Article

Nature 448, 553-560 (2 August 2007) | doi:10.1038/nature06008; Received 10 May 2007; Accepted 13 June 2007; Published online 1 July 2007

Genome-wide maps of chromatin state in pluripotent and lineage-committed cells

Tarjei S. Mikkelsen1,2, Manching Ku1,4, David B. Jaffe1, Biju Issac1,4, Erez Lieberman1,2, Georgia Giannoukos1, Pablo Alvarez1, William Brockman1, Tae-Kyung Kim5, Richard P. Koche1,2,4, William Lee1, Eric Mendenhall1,4, Aisling O'Donovan4, Aviva Presser1, Carsten Russ1, Xiaohui Xie1, Alexander Meissner3, Marius Wernig3, Rudolf Jaenisch3, Chad Nusbaum1, Eric S. Lander1,3,7 & Bradley E. Bernstein1,4,6,7

  1. Broad Institute of Harvard and MIT,
  2. Division of Health Sciences and Technology, MIT, and
  3. Whitehead Institute for Biomedical Research, Cambridge, Massachusetts 02142, USA
  4. Molecular Pathology Unit and Center for Cancer Research, Massachusetts General Hospital, Charlestown, Massachusetts 02129, USA
  5. Department of Neurology, Children's Hospital, and
  6. Department of Pathology, Harvard Medical School, Boston, Massachusetts 02115, USA
  7. These authors contributed equally to this work.

Correspondence to: Eric S. Lander1,3,7Bradley E. Bernstein1,4,6,7 Correspondence and requests for materials should be addressed to E.S.L. (Email: lander@broad.mit.edu) or B.E.B. (Email: bbernstein@partners.org).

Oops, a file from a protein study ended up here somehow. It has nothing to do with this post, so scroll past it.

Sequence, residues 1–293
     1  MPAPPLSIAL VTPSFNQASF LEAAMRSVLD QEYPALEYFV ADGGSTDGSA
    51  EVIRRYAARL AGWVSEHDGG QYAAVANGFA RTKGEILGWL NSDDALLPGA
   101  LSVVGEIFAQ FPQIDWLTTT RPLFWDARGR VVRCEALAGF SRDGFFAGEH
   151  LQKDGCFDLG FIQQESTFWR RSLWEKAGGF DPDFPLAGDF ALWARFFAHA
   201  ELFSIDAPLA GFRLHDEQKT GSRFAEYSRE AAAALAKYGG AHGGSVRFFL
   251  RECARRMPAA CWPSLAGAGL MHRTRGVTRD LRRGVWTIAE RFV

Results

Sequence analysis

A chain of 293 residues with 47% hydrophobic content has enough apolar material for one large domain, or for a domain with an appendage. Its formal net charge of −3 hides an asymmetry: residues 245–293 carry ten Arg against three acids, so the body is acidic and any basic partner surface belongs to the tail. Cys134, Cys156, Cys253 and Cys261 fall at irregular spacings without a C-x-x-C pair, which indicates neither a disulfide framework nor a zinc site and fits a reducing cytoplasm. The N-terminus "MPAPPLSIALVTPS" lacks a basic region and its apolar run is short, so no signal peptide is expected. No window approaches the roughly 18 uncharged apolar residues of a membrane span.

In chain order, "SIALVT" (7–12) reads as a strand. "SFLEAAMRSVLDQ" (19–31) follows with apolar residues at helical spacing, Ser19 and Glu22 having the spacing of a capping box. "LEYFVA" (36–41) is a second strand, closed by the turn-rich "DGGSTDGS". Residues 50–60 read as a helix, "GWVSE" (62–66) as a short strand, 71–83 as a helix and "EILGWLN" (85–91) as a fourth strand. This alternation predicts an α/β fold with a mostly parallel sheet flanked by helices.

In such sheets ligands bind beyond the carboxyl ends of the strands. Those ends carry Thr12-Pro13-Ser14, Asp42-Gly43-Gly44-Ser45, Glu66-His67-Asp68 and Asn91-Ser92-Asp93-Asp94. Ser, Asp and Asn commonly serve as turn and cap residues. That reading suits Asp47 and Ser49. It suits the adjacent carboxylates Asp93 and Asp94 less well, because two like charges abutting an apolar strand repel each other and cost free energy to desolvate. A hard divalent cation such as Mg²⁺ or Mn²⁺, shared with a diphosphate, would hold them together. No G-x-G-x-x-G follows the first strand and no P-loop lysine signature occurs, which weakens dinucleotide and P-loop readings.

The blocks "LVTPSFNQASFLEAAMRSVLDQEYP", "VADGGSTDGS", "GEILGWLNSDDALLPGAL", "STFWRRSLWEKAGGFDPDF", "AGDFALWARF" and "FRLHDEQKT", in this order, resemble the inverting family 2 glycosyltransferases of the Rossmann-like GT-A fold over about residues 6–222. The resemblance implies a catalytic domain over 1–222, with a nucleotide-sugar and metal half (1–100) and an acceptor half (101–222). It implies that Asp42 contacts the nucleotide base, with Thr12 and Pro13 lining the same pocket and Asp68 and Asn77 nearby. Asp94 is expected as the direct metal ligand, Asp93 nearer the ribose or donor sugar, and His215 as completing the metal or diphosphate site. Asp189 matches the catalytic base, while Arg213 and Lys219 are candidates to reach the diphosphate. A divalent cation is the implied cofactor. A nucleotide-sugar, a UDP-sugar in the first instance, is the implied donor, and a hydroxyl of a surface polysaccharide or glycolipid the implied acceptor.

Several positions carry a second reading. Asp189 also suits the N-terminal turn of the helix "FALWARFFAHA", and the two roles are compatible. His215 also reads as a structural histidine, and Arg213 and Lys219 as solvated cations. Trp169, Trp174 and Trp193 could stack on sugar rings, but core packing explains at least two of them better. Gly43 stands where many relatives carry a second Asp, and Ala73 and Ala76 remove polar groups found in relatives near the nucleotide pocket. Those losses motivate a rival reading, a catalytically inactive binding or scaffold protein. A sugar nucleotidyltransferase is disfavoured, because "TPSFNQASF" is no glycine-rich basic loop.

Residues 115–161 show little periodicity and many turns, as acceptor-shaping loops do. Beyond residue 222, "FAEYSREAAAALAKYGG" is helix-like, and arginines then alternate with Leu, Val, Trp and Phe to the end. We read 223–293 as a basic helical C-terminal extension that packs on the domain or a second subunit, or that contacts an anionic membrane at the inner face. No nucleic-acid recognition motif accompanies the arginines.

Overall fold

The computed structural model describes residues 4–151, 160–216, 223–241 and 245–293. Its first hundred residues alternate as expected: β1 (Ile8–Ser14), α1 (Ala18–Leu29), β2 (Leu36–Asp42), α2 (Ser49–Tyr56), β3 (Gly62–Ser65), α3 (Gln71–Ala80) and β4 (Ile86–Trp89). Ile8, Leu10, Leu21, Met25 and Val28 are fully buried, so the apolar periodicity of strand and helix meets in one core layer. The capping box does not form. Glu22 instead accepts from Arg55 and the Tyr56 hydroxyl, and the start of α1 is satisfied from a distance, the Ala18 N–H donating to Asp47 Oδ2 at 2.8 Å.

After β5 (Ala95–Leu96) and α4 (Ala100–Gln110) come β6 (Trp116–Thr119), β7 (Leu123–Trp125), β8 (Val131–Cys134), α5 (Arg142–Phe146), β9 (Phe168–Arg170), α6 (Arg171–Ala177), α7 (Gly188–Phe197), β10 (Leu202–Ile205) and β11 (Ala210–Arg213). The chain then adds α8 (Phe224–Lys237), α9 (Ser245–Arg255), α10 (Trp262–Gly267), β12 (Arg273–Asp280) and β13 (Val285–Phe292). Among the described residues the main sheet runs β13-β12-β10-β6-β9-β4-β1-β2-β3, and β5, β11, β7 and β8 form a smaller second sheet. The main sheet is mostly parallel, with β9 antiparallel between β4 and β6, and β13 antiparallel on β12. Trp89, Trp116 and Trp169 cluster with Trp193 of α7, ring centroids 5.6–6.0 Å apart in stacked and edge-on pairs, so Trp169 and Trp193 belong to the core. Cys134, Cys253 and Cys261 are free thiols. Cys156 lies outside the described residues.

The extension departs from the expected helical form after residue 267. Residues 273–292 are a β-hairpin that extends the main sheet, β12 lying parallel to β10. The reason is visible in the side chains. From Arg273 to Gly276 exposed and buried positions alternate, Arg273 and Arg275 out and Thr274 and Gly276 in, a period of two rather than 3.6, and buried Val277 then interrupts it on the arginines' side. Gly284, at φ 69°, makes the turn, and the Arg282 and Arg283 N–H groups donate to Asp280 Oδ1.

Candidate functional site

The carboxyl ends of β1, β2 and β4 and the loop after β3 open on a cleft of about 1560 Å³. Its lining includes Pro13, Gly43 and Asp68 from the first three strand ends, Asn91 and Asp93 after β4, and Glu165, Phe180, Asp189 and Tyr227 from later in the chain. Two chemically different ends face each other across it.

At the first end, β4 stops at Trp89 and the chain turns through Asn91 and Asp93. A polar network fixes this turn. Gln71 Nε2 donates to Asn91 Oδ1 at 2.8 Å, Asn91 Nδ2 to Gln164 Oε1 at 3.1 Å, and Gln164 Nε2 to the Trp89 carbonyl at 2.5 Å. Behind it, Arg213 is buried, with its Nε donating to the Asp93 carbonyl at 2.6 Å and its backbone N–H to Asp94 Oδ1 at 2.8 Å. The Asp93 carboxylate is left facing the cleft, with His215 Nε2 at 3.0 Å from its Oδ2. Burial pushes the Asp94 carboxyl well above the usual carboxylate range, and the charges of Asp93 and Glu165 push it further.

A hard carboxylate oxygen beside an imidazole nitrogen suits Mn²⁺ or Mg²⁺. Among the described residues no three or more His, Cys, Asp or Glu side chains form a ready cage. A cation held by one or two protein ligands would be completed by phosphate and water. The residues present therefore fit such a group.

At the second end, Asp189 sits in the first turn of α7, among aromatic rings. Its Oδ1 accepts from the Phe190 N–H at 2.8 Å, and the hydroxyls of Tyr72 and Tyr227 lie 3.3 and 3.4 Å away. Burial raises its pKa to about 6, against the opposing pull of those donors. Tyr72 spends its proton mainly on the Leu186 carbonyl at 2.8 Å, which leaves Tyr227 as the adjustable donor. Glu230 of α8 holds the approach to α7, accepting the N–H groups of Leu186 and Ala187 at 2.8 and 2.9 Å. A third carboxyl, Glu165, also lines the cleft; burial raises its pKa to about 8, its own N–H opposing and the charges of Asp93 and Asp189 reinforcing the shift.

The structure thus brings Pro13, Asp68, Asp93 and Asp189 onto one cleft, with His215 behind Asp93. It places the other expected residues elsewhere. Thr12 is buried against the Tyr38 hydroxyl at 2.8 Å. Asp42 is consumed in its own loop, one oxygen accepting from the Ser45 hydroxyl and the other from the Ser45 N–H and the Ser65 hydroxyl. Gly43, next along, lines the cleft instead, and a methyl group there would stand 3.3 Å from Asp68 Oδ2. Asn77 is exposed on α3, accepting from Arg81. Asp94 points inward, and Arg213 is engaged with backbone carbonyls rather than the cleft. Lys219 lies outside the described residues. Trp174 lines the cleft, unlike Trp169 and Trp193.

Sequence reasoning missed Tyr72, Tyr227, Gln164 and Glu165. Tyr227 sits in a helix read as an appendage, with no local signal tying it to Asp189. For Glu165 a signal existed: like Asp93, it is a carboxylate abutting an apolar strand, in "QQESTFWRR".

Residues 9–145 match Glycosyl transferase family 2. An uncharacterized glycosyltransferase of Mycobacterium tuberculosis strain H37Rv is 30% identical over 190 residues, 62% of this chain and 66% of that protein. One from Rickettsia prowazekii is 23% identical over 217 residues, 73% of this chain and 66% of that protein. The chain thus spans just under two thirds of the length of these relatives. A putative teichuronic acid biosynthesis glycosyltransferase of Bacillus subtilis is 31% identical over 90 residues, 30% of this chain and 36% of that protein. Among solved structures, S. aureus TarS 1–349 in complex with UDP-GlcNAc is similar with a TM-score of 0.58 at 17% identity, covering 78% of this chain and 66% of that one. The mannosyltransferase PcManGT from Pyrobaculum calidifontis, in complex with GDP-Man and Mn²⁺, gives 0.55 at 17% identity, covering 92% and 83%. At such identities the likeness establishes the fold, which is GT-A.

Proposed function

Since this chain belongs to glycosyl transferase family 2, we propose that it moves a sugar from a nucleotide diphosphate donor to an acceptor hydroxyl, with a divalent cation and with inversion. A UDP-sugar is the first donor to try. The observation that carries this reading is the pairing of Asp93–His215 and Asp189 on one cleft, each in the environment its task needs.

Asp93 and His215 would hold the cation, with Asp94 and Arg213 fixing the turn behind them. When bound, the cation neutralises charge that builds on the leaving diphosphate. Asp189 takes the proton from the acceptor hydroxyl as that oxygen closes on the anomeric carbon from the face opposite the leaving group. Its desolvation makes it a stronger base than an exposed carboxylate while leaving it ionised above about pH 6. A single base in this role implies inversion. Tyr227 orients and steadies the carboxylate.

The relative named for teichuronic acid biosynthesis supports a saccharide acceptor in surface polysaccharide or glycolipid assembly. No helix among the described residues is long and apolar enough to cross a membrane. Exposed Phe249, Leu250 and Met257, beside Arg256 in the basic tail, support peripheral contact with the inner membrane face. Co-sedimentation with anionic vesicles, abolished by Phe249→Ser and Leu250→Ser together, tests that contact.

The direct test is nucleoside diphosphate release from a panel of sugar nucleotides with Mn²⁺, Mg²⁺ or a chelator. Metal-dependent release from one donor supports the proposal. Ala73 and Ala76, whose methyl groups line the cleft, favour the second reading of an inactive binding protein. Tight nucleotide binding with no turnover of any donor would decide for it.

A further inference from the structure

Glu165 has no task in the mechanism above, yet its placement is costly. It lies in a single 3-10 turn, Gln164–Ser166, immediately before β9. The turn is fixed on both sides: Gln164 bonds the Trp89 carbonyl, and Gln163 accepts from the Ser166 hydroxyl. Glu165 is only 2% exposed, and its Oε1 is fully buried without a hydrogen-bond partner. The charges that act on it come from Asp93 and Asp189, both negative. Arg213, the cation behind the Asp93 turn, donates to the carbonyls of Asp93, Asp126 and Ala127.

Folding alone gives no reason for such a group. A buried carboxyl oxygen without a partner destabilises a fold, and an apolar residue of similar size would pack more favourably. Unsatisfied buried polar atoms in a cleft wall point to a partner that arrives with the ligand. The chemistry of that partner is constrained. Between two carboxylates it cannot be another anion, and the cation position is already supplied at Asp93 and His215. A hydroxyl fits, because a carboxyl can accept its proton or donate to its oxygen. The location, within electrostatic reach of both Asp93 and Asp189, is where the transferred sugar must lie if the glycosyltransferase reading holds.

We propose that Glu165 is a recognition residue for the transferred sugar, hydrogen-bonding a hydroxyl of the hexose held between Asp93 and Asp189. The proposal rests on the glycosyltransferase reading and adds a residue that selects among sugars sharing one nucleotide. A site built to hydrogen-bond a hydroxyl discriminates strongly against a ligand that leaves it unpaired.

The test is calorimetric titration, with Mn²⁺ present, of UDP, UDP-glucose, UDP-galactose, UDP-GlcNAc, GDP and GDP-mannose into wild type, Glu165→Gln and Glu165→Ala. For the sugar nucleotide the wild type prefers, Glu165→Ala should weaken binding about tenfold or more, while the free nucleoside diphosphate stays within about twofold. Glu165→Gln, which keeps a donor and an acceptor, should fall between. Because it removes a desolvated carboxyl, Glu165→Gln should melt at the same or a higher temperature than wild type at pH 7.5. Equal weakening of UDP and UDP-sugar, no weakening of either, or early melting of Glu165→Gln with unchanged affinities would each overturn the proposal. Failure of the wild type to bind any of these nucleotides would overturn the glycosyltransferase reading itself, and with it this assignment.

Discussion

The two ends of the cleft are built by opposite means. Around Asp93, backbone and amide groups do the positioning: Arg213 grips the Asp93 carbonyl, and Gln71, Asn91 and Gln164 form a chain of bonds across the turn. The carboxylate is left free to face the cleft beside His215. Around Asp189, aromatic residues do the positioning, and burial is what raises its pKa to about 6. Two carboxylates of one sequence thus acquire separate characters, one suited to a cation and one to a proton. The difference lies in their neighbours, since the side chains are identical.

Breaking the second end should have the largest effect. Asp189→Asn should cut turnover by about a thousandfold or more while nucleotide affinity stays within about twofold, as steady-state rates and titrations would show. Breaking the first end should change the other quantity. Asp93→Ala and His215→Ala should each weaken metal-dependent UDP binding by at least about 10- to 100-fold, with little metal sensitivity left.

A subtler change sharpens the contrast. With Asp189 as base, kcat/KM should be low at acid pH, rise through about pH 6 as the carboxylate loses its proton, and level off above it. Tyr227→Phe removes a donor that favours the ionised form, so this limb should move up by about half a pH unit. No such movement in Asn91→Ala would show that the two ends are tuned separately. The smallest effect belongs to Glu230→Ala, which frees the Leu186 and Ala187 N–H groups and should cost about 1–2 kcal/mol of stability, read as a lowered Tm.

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We report the application of single-molecule-based sequencing technology for high-throughput profiling of histone modifications in mammalian cells. By obtaining over four billion bases of sequence from chromatin immunoprecipitated DNA, we generated genome-wide chromatin-state maps of mouse embryonic stem cells, neural progenitor cells and embryonic fibroblasts. We find that lysine 4 and lysine 27 trimethylation effectively discriminates genes that are expressed, poised for expression, or stably repressed, and therefore reflect cell state and lineage potential. Lysine 36 trimethylation marks primary coding and non-coding transcripts, facilitating gene annotation. Trimethylation of lysine 9 and lysine 20 is detected at satellite, telomeric and active long-terminal repeats, and can spread into proximal unique sequences. Lysine 4 and lysine 9 trimethylation marks imprinting control regions. Finally, we show that chromatin state can be read in an allele-specific manner by using single nucleotide polymorphisms. This study provides a framework for the application of comprehensive chromatin profiling towards characterization of diverse mammalian cell populations.

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